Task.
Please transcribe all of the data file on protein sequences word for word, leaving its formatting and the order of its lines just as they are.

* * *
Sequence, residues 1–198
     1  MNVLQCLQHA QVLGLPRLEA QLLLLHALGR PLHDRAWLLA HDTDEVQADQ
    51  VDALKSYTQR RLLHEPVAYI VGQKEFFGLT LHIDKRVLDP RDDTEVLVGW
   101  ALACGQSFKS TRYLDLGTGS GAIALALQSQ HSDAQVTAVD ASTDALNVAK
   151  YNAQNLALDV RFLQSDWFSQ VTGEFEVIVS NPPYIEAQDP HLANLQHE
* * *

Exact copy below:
Sequence, residues 1–198
     1  MNVLQCLQHA QVLGLPRLEA QLLLLHALGR PLHDRAWLLA HDTDEVQADQ
    51  VDALKSYTQR RLLHEPVAYI VGQKEFFGLT LHIDKRVLDP RDDTEVLVGW
   101  ALACGQSFKS TRYLDLGTGS GAIALALQSQ HSDAQVTAVD ASTDALNVAK
   151  YNAQNLALDV RFLQSDWFSQ VTGEFEVIVS NPPYIEAQDP HLANLQHE